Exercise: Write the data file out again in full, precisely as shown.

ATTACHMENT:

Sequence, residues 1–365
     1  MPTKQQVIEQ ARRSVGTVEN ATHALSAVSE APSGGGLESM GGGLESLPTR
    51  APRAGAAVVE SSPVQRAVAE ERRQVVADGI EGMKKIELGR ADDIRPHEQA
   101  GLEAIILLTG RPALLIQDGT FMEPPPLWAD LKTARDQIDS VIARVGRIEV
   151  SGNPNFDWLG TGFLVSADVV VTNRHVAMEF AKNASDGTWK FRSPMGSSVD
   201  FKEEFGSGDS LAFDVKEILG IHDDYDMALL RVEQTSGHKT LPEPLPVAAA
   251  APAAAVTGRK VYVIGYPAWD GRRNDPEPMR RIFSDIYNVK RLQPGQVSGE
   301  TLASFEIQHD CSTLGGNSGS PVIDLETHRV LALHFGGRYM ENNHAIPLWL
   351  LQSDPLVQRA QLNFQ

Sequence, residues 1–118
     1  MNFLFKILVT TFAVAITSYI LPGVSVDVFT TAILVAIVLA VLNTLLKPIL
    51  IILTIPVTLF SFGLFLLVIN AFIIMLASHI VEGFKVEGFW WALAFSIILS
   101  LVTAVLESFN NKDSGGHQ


Sequence, residues 1–365
     1  MPTKQQVIEQ ARRSVGTVEN ATHALSAVSE APSGGGLESM GGGLESLPTR
    51  APRAGAAVVE SSPVQRAVAE ERRQVVADGI EGMKKIELGR ADDIRPHEQA
   101  GLEAIILLTG RPALLIQDGT FMEPPPLWAD LKTARDQIDS VIARVGRIEV
   151  SGNPNFDWLG TGFLVSADVV VTNRHVAMEF AKNASDGTWK FRSPMGSSVD
   201  FKEEFGSGDS LAFDVKEILG IHDDYDMALL RVEQTSGHKT LPEPLPVAAA
   251  APAAAVTGRK VYVIGYPAWD GRRNDPEPMR RIFSDIYNVK RLQPGQVSGE
   301  TLASFEIQHD CSTLGGNSGS PVIDLETHRV LALHFGGRYM ENNHAIPLWL
   351  LQSDPLVQRA QLNFQ

Sequence, residues 1–118
     1  MNFLFKILVT TFAVAITSYI LPGVSVDVFT TAILVAIVLA VLNTLLKPIL
    51  IILTIPVTLF SFGLFLLVIN AFIIMLASHI VEGFKVEGFW WALAFSIILS
   101  LVTAVLESFN NKDSGGHQ